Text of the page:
Past Reviews

Regional Reviews: Albuquerque/Santa Fe

Rock of Ages
Devon Frieder Productions
Review by Dean Yannias

Also see Dean's recent review of The Dinner Party


Devon Frieder and Dylan Phillips
Photo by Kaleah Baca
If you know the lyrics to the Journey song "Don't Stop Believin'," you already know the basic plot of the musical Rock of Ages. Just a small town girl and a city boy from Detroit, they take the midnight train going anywhere. Anywhere for them is Los Angeles, where they're among the strangers waiting up and down the boulevard for their big break–hers as an actress, his as a rock star. The boulevard is, of course, Sunset. Or you could call it the Boulevard of Broken Dreams.

After a 15-month Off-Broadway run, Rock of Ages ran on Broadway from 2009 to 2015 (with a nearly three-month break in 2011 while changing theaters), which is longer than I would have expected, but nostalgia always fills the seats. It's a jukebox musical, taking thirty rock songs from the 1980s and constructing a script to fit. These aren't pop songs, as in Mamma Mia!. They're hard rock, mostly by the glam rock/hair bands of the time, with some power ballads thrown in. Some of those bands probably got their start on the Sunset Strip. Chris D'Arienzo did a clever job of writing a book that accommodates the music.

The Strip was pretty down and out in the '80s. Most of the action in the show takes place at the Bourbon Room, a (ficticious) rock club that's failing. It's owned by chronic stoner Dennis, whose career high was being in a band that opened for Foghat a few times. His assistant and the narrator of the show is Lonny, who also gave up trying to be a star and settled for doing sound at the club. Rock of Ages is, among other things, a tribute to the 996 out of a thousand who never make it big in L.A. The sweet thing about the show is that it's about folks with a dream, and even though that dream doesn't come true, at least they had the guts to try.

The male half of the ingenue couple, Drew (the boy from Michigan), works at the Bourbon Room sweeping up and cleaning the godawful bathroom. He's hoping to become a rock star using the moniker Wolfgang von Colt. Like that's gonna happen. He meets the girl from Kansas, Sherrie Christian, on the Strip just when she is mugged and her bag with all her money is stolen. ("Sherrie Christian" is a great name because it lets the songs "Oh Sherrie" and "Sister Christian into the show.) They immediately know they're meant for each other, but there wouldn't be much of a show if they hooked up right then and there. There are plenty of tribulations to go through first, and the very survival of the Bourbon Room is up for grabs. I don't want to give away any more of the story. Let's just say that I enjoyed every minute of it and found myself smiling and laughing all the way through.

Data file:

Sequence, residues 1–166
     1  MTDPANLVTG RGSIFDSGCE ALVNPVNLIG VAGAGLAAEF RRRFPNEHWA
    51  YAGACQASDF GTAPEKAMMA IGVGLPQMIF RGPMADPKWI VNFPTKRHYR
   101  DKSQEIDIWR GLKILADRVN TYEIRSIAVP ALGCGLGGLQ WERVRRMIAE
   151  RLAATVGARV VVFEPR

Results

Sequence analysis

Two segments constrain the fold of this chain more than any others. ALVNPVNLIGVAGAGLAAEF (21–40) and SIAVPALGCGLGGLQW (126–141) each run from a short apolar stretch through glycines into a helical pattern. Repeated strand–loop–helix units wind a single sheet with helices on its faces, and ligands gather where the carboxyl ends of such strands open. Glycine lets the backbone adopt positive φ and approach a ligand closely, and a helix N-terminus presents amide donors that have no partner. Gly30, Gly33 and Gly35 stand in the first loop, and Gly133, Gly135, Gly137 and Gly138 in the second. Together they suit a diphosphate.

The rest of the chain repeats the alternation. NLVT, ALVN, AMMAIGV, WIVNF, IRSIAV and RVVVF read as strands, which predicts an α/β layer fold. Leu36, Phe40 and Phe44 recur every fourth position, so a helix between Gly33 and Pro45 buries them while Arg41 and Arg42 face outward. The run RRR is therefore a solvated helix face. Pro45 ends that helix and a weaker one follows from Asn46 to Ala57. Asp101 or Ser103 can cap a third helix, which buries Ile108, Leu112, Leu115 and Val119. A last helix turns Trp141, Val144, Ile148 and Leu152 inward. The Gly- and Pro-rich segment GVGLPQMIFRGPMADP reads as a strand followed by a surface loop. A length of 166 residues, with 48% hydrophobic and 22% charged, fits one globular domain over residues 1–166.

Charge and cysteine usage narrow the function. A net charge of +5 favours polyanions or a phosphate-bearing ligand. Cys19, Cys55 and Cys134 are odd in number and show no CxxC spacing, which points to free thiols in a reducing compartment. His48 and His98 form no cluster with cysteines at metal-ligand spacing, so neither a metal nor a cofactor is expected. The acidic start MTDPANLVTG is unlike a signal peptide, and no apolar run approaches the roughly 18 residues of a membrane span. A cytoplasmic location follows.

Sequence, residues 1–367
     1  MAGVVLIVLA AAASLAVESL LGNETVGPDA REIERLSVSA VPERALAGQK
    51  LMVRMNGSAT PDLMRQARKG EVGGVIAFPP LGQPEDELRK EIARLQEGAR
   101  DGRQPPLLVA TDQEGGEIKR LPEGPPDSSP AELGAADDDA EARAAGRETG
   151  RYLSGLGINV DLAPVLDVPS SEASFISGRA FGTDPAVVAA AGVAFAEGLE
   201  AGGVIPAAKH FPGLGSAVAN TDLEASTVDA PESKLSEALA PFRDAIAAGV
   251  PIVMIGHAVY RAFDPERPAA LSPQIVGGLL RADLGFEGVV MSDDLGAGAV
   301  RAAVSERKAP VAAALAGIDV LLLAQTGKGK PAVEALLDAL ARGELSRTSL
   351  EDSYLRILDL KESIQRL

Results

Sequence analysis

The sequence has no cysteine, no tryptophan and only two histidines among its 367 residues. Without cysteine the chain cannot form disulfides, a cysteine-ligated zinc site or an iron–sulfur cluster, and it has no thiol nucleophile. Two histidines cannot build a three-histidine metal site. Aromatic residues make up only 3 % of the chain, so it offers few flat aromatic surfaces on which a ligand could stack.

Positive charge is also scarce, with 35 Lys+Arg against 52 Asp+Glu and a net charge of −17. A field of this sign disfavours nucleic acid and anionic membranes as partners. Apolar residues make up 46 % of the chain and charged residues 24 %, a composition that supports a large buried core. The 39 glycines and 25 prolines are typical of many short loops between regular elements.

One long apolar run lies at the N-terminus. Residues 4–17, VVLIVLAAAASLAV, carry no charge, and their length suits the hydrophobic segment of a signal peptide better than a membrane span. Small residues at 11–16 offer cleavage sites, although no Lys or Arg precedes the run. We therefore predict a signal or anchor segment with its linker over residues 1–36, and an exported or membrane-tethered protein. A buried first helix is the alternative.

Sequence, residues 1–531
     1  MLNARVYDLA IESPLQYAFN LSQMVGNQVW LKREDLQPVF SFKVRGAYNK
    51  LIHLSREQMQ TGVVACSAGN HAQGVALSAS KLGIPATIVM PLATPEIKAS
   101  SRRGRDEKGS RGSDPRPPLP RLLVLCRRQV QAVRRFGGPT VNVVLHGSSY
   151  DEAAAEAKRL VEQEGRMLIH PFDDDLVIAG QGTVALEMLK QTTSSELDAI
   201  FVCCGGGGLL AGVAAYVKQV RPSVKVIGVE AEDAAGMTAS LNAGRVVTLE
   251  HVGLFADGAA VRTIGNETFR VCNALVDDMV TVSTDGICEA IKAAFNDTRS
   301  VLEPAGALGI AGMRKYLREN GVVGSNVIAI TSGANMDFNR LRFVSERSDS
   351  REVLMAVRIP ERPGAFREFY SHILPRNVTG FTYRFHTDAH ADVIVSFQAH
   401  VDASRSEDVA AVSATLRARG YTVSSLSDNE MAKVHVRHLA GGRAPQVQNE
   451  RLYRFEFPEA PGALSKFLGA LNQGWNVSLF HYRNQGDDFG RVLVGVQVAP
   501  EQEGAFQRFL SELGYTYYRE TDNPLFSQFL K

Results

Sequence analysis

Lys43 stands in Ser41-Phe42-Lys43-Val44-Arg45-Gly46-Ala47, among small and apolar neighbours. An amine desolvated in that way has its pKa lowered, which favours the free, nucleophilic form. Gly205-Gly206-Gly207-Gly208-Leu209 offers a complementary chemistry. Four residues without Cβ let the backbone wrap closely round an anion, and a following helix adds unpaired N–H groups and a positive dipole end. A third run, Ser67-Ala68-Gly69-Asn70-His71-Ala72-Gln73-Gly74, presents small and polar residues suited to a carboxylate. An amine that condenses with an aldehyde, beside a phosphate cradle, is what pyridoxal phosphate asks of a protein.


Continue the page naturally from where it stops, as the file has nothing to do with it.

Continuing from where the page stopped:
Like all of Devon Frieder's productions, this one is high energy, and it showcases a lot of young local talent. Devon not only produces but also directs and choreographs, and the acting and dancing are spot on. On top of everything, she plays Sherrie and is terrific. Dylan Phillips is perfectly cast as Drew. His vocals are a little rough at times, except for the high notes, but he's so darn cute that the singing doesn't matter.

Really, everyone in the cast knocks it out of the park. Stage veterans like Ron Gallegos, Danny McBride, Laura Cummins-Wright, Gillian Foster, and John Shelton seem to having a great time. Xavier Visage is unfortunately saddled with the role of an asshole fading rocker with the wonderful name Stacie Jaxx. You can hardly see his face for the big hair and sunglasses, but he gets to show off his zero-body-fat torso a lot. In a class by himself is Walker Stovall as the son of the German developer who wants to tear down the Strip and gentrify it. Walker is so over the top that you can't take your eyes off him, but what a pleasure it is to see such fearlessness. Does the name Falco ring a bell for you? If so, this is the show for you.

The supporting players are not really supporting. They're on stage a lot, speaking and singing and dancing, and they all deserve applause: Maura Chavez, Laura Garrett, Nicholas Handley, Westin Huffman, Lando Ruiz, and Adrianne Wise.

Madi Frost done a fine job as music director. I'm not sure who exactly designed the set (Robert and Laura Wright are credit with painting and decorating it), but it's a wonder. How do you go from the Bourbon Room to a strip club or to the mayor's office in under five seconds? They figured it out, and I'm sure they didn't have much of a budget to work with. Carpentry by Jason Roman and props by Emily Robinson create a totally realistic Bourbon Room. Costumes by Christopher Decker and Diane Baca and Devon are more lavish than you would expect. The lighting by Brittney Baker and sound by Lando Ruiz are perfect. Kaleah Baca is the production coordinator and she and Chloe Jain stage manage, which must be an awful lot of work considering the large cast and set changes. But as with all good stage managers, you don't realize it.

Devon has been putting on a show in Albuquerque every January. It's one of the theatre events I look forward to the most every year. Even if rock music from the '80s is not your cup of tea (and it's not mine either), don't miss this show.

Devon Frieder Productions' Rock of Ages runs through February 5, 2023, at Musical Theatre Southwest, 6320 Domingo Rd NE B, Albuquerque NM. Fridays and Saturdays at 7:30, Sundays at 4:00. Info at www.facebook.com/DevonFriederProductions/.


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